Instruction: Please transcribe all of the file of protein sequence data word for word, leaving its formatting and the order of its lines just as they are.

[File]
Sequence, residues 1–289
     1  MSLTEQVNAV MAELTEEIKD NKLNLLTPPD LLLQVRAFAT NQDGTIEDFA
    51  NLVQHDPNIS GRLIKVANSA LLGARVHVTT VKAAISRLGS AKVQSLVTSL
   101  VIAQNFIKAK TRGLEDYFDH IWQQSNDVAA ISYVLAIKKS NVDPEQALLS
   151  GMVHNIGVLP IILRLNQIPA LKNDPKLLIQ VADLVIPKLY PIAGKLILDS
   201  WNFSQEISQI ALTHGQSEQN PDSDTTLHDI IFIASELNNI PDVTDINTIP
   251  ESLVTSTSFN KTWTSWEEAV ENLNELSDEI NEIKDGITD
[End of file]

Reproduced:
Sequence, residues 1–289
     1  MSLTEQVNAV MAELTEEIKD NKLNLLTPPD LLLQVRAFAT NQDGTIEDFA
    51  NLVQHDPNIS GRLIKVANSA LLGARVHVTT VKAAISRLGS AKVQSLVTSL
   101  VIAQNFIKAK TRGLEDYFDH IWQQSNDVAA ISYVLAIKKS NVDPEQALLS
   151  GMVHNIGVLP IILRLNQIPA LKNDPKLLIQ VADLVIPKLY PIAGKLILDS
   201  WNFSQEISQI ALTHGQSEQN PDSDTTLHDI IFIASELNNI PDVTDINTIP
   251  ESLVTSTSFN KTWTSWEEAV ENLNELSDEI NEIKDGITD